I had a couple of emails yesterday from collectors who asked why the prices of certain coins are what they are.
That’s a tough question to answer.
I expect they want to be told that there is some formula. After you input all the variables, you then get an answer. That price is correct. All others by implication would be wrong.
It does not work that way.
There are tendencies in the coin market. There are no absolutes.
If a large number of collectors are interested in a particular coin series, those pieces tend to be priced higher than a similar series where there are very few collectors.
Coins in top grades tend to be higher priced than the same coins in lower grades.
Coins made of precious metals can run up hugely when the prices of gold and silver are motoring ahead completely independently of any collector factors.
If you study the gold series, you marvel at how low mintages can be yet prices are very little higher than melt value. This is because there are very few collectors of gold and the bullion influence overwhelms anything else except in the very top Mint State and proof grades.
I am sure veteran collectors can add to my list of price influencing factors, but none of them will yield a single, definitive value number unless you are talking about today’s melt value alone.
Also, none of these factors assure rising or even steady prices.
Popular series can turn cold and be abandoned by large numbers of collectors.
This currently is true of Prestige proof sets from the 1980s and 1990s, which combined a proof commemorative silver dollar (sometimes a half dollar as well) with the standard clad proof set coins, cent through half dollar.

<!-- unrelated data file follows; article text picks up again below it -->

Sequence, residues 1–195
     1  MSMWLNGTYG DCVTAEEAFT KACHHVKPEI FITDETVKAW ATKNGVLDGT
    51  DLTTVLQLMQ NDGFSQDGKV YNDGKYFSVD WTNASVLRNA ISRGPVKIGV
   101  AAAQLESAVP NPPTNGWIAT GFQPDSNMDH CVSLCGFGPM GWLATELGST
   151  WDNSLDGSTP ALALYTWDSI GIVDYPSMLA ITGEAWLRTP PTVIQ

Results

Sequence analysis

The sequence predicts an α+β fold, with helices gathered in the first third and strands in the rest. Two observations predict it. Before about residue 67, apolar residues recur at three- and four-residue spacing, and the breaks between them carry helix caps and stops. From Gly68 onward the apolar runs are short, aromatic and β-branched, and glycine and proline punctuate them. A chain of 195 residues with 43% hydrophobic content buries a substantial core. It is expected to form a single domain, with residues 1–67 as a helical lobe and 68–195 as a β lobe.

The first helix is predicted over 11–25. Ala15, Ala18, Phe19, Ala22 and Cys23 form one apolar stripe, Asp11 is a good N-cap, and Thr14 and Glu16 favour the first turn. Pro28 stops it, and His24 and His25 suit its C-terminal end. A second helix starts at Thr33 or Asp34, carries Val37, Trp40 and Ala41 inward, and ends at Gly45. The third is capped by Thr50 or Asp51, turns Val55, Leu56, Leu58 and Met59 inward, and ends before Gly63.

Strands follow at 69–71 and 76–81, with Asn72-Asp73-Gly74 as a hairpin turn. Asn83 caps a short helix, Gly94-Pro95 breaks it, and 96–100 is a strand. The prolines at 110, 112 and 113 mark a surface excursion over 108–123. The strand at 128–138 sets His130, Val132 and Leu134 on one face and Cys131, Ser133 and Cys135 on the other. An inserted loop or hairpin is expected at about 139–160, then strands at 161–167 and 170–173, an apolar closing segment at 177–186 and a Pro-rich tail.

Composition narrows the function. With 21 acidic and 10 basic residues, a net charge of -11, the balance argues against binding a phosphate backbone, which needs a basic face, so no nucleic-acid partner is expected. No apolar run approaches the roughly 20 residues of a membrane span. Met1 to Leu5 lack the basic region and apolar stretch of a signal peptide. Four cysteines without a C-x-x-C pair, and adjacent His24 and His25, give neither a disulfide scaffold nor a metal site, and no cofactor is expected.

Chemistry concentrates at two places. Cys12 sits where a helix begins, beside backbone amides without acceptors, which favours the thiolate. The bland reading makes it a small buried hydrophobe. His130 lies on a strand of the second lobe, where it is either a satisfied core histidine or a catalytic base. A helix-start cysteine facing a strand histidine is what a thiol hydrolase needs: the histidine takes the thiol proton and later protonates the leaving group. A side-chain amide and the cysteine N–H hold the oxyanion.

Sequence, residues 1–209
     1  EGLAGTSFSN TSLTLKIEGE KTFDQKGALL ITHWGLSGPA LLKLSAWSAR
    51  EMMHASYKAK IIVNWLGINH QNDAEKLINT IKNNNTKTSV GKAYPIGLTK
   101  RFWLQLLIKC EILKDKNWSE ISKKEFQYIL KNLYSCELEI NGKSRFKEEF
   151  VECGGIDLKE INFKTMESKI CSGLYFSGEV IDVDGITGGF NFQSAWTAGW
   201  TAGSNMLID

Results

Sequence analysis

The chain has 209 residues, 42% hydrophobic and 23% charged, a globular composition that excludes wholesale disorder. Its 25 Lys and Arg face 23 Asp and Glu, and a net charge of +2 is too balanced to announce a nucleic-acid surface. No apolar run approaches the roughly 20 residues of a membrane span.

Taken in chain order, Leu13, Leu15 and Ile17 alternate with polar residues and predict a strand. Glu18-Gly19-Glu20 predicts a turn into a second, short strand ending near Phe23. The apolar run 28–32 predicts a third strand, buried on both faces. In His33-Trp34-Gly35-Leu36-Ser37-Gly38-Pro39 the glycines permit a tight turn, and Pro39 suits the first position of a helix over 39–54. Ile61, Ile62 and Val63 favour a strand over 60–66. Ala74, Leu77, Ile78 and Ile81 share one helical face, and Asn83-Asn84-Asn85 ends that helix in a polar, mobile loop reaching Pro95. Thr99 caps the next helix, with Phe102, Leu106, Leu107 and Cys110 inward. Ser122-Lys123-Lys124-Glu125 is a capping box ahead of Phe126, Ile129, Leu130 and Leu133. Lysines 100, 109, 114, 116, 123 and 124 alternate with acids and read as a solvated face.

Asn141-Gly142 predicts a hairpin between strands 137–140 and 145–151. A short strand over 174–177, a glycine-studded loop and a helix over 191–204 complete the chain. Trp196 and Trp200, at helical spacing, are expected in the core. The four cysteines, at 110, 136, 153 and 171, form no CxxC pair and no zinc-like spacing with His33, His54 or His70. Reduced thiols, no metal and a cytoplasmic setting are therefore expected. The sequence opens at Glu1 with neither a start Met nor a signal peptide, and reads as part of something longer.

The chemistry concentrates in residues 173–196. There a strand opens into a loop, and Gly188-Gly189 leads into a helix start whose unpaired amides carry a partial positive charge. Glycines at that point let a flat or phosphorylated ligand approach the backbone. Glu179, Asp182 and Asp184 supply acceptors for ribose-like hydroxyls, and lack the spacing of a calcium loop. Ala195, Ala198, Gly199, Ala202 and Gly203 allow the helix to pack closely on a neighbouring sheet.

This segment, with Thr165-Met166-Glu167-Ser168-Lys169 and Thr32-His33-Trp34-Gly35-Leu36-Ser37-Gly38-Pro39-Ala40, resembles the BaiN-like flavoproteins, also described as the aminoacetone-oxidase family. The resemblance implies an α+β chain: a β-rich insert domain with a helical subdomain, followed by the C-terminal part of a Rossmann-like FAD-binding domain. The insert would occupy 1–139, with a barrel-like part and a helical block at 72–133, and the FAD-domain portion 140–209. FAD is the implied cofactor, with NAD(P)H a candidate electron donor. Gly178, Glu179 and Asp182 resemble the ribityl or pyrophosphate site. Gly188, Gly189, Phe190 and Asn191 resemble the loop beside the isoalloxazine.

A letter sent to me says these sets are so cheap that you can probably buy the full set at a price that is equal to or even less than the cost of the commemorative silver dollar alone.
How can this be?
If present collectors are not willing to pay an asking price, the prices of the sets will decline until a willing buyer is found.
On the other hand, a collector of commemorative silver dollars might want the dollar coin in the set and not any of the other pieces. This buyer is paying someone to take the trouble of breaking up the set and providing the dollar with a new holder. He might be paying for third-party grading. He might be paying for the dollar in original commemorative packaging.
It might seem odd to view a full set as a cost, but a dealer has to tie up his working capital to buy the set. It costs money in the form of labor to remove all of the coins from the holder and properly dispose of it. It costs money to have them graded. It costs money to rehouse and offer the coins for sale to others. It even costs money to simply take the clad proof coins in the set to the bank to obtain face value, though this happens remarkably rarely.
Collectors tend to prefer original packaging if they are not buying professionally graded coins.
This is why sets tend to stay in their original holders and simply get marked down in price until someone else comes along who is tempted by the low price and the thought that he is purchasing a full set for the cost of the dollar alone.
Buzz blogger Dave Harper is winner of the 2014 Numismatic Literary Guild Award for Best Blog and is editor of the weekly newspaper "Numismatic News."